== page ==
"With the confidence of a woman who knows three languages," the Egyptian writers featured here write fabulism, social realism, modernist irony, and other tongues. In "Veiler of all deeds," by Hamdi Abu Golayyel, "People are delighted when they hear the news that a pious man has been caught red-handed in some wrongful act." A man waiting for a job interview is his own worst enemy in Mahmoud al Wardani's "The Dark and the Daylight," while a seamstress stitches a life for her children in Na'am al-Baz's "Mrs. Saniya's Holiday." The sensual crooning of a wedding singer awakens old and new passions on an island in the Nile, between Egypt and Sudan, in Haggag Hassan Oddoul's "Flirting with the Moon." A hen and a rooster aim for respect and bring about a cultural revolution in Salwa Bakr's "The Rooster's Egg: A Fable of Ancient Thebes." Literary journalist Mohamed Makhzangi observes spring in Chernobyl after nuclear disaster. And poets Tamer Fathy and Iman Mersal, like the Bedouin in Mersal's "Sometimes Wisdom Possesses Me," "knew early on that words fly/and cannot be weighed."Chip also wrote an introductory article to the whole thing. Congrats to him.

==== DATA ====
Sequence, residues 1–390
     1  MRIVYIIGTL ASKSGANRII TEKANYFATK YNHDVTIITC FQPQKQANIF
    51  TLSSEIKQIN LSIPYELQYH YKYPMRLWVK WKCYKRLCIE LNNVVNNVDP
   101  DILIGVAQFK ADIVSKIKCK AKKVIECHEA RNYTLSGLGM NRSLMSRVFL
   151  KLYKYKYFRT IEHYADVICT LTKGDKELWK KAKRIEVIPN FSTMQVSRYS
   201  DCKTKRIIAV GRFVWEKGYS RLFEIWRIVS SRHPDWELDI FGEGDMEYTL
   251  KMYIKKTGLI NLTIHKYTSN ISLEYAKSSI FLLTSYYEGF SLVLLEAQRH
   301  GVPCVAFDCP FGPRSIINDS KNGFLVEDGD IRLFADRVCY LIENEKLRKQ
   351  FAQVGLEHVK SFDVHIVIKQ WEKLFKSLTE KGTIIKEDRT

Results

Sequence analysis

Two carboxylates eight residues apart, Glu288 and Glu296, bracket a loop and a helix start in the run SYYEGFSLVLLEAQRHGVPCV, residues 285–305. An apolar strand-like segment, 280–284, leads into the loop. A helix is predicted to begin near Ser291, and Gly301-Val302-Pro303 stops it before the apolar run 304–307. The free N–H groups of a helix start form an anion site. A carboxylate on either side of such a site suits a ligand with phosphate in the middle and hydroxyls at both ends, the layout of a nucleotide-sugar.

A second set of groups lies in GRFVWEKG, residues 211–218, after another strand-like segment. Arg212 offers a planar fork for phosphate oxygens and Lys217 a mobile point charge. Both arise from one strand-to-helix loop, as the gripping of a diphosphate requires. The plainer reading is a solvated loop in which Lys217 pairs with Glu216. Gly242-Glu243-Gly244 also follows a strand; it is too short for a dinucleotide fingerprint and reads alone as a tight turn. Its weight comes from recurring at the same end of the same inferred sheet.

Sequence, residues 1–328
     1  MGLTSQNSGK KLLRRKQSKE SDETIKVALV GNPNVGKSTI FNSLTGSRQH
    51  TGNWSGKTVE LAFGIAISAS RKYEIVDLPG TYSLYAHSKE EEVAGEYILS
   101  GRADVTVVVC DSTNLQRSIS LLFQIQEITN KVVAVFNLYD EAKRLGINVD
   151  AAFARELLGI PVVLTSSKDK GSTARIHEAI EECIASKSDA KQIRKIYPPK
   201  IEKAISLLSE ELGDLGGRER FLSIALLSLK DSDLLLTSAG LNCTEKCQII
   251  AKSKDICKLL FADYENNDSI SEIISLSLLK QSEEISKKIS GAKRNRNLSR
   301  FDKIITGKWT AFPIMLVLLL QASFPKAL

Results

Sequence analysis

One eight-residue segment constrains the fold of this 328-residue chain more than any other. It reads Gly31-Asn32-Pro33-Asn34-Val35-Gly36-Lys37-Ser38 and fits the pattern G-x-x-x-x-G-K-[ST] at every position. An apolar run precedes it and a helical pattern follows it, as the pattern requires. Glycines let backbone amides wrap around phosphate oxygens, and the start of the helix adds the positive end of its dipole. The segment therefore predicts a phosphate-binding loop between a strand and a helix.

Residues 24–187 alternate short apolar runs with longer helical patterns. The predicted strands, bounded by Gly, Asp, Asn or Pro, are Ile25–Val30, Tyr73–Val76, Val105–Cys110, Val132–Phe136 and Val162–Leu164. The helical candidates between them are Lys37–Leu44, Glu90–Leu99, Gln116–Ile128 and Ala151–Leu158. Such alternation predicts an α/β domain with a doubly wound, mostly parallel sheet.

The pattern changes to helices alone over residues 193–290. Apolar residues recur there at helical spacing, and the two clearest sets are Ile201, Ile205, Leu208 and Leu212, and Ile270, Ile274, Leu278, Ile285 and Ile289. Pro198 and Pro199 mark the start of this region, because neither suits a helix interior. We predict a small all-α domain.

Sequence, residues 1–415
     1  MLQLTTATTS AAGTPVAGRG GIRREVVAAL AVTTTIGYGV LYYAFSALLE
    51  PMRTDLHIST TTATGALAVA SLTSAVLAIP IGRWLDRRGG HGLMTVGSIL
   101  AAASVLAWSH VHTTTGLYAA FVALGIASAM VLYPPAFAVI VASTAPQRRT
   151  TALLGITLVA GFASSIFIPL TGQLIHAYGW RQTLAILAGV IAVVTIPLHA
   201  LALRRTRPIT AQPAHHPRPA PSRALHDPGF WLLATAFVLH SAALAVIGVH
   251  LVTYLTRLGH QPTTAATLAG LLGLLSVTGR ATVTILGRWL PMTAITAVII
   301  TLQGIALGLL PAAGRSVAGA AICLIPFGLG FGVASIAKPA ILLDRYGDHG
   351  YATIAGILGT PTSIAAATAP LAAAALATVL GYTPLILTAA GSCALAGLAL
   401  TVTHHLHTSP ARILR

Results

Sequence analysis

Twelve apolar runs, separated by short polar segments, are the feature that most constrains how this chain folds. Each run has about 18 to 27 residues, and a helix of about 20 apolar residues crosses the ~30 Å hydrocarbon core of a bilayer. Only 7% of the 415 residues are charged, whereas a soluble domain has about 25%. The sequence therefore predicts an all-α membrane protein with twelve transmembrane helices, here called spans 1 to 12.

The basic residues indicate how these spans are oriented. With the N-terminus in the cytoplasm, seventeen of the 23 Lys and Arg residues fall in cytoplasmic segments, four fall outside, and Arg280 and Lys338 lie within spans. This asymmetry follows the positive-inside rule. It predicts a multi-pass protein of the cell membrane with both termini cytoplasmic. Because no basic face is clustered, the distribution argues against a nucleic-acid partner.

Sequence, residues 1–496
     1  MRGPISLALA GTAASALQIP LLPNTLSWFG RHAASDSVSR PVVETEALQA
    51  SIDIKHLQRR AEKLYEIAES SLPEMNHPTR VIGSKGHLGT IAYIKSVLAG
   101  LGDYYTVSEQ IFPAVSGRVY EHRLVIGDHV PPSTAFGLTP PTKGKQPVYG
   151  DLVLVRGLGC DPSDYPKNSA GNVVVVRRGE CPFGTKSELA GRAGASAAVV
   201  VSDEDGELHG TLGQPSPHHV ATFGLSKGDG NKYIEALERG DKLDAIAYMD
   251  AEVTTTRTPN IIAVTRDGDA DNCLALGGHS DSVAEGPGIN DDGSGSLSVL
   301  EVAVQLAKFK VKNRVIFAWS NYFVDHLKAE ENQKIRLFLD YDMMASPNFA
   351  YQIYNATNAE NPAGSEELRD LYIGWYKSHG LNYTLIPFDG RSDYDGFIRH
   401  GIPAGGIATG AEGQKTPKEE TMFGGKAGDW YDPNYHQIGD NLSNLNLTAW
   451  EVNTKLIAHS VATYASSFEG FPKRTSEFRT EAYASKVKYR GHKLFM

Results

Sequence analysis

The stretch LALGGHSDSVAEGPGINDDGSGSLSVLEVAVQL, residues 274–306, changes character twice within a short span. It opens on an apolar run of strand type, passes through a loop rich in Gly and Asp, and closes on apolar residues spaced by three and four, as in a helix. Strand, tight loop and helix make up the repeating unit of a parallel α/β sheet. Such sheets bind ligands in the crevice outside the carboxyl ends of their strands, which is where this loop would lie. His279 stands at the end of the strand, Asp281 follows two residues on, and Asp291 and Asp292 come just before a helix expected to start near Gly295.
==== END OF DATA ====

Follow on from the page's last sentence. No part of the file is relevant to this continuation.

Also on a literary note, the great Egyptian writer Albert Cossery is profiled in Le Monde. Cossery, who writes in French, moved from Cairo to Paris in 1945. When he arrived, he checked into a hotel off St. Germain des Pres and never moved out. He spent the 1950s and 1960s cavorting with the French intellectual jet set. Even though he has lived abroad, his books are about Egyptian life, particularly that of the poor. He's now 92 and has received a lifetime achievement award from a French literary society. I loved the portrait that ran with the article, reproduced below.